When Sound Is Sinister: I Have Misophonia

It's more than “hatred of sound,” “chewing rage,” or “sound rage."
06/29/2016 01:19 pm ET Updated Jul 26, 2016
eshoots.com

I have a lesser-known brain condition that has made my life more challenging than I ever could have imagined. I no longer attend family functions. When I do, I am forced to hide in a corner with minimal socializing. At my graduation, two years before my grandmother died, I was forced to miss out on valuable memories with her. I hid in my room while my family celebrated my accomplishments. Easters, Christmases, and other holidays have simply become dreaded occurrences. If I do go home I am bombarded by stimuli. My mother shakes her leg, my father taps his fingers whilst driving… the list is never-ending. The response each time is the same ― I flinch. I panic. I feel the over-whelming all-consuming anxiety, discomfort, and then pain. I cannot remain when there is a “trigger.” There is no way to avoid the reaction, and the only way to stop the feeling is to remove myself.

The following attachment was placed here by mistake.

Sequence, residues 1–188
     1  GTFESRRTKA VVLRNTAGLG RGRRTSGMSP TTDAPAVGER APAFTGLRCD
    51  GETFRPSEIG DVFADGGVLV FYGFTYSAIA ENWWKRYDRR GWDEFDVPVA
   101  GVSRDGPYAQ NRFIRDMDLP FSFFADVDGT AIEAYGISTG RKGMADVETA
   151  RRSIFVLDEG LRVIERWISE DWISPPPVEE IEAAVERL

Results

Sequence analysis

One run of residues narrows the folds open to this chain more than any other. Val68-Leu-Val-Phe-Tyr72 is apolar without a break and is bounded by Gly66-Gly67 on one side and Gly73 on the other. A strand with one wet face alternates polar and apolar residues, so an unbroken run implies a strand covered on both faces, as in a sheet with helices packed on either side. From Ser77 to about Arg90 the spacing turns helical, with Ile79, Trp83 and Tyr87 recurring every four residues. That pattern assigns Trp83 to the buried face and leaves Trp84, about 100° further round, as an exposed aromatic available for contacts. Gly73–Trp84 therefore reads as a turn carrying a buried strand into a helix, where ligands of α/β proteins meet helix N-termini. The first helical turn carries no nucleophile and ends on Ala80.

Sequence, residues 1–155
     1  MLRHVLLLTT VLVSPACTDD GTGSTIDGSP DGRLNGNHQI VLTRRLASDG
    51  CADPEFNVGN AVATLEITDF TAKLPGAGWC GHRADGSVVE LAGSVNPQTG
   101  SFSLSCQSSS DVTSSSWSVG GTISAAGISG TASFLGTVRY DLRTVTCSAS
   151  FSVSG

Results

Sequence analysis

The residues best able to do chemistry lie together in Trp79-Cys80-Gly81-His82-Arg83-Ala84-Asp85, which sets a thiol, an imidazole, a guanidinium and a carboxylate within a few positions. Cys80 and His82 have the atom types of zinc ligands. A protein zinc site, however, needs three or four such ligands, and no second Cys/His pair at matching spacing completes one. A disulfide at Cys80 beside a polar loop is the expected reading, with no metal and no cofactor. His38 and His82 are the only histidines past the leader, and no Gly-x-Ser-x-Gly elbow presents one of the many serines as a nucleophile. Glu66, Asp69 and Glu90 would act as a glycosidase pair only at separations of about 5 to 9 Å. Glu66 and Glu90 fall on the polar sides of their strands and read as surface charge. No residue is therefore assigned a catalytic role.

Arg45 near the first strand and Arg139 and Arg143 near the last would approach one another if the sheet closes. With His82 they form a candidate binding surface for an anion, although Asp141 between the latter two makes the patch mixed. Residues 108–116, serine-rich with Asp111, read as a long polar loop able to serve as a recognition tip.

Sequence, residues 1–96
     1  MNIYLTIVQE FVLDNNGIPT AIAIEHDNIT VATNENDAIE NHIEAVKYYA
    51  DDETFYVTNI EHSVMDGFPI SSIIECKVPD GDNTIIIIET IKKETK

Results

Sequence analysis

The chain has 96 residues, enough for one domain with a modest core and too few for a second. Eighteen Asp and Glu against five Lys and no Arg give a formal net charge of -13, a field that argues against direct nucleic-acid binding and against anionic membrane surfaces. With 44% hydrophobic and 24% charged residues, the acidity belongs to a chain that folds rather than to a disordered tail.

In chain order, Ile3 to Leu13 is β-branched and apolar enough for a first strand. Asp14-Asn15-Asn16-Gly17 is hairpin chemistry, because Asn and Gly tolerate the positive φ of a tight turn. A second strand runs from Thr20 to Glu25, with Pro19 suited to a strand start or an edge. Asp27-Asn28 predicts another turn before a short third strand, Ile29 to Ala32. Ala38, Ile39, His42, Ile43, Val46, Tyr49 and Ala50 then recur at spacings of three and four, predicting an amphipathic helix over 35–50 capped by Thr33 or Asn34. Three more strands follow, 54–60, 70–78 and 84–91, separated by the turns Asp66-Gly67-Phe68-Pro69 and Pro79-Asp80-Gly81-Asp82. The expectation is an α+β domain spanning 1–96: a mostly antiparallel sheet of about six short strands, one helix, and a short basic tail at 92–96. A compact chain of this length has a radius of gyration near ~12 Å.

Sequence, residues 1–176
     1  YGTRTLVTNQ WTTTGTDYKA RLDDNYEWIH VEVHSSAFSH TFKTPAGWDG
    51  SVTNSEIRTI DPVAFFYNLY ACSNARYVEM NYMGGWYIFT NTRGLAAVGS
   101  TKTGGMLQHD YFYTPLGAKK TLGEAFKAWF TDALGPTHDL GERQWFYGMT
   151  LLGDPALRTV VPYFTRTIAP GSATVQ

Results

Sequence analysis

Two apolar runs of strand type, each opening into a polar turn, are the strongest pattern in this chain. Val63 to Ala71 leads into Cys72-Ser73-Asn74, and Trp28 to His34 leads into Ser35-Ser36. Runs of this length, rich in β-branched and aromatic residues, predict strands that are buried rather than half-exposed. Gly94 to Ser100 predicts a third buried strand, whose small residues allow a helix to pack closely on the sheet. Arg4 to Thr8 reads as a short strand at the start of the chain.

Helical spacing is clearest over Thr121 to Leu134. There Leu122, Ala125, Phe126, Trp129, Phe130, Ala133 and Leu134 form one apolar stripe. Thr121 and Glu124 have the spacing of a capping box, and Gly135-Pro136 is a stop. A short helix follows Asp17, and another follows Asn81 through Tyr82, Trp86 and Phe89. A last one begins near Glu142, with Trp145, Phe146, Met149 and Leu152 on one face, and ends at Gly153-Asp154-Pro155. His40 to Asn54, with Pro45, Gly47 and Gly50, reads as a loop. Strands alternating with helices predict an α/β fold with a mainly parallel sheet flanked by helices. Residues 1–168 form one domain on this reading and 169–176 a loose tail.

Easters, Christmases, and other holidays have simply become dreaded occurrences. If I do go home I am bombarded by stimuli.

I did not always have this condition. At the age of 16 sounds started to become more apparent to me. What was once a pleasant hum in the background had turned into an assaulting presence. Then came the visual stimuli. My mother’s leg shaking became so aggravating that I began to retreat from her presence. I simply could not bear it. I did not know why or what I struggled with at the time. I felt frustrated with myself, in awe as to why I couldn’t just ignore the sounds. Thanks to my cousin, to whom I am forever grateful, I was told about misophonia. This name, coined by the two researchers Jastreboff and Jastreboff, is more than “hatred of sound,” “chewing rage,” or “sound rage.” My story, and that of the wonderful people that I have met over the past year, has proven to me that we are complex human beings that only ask for a little empathy.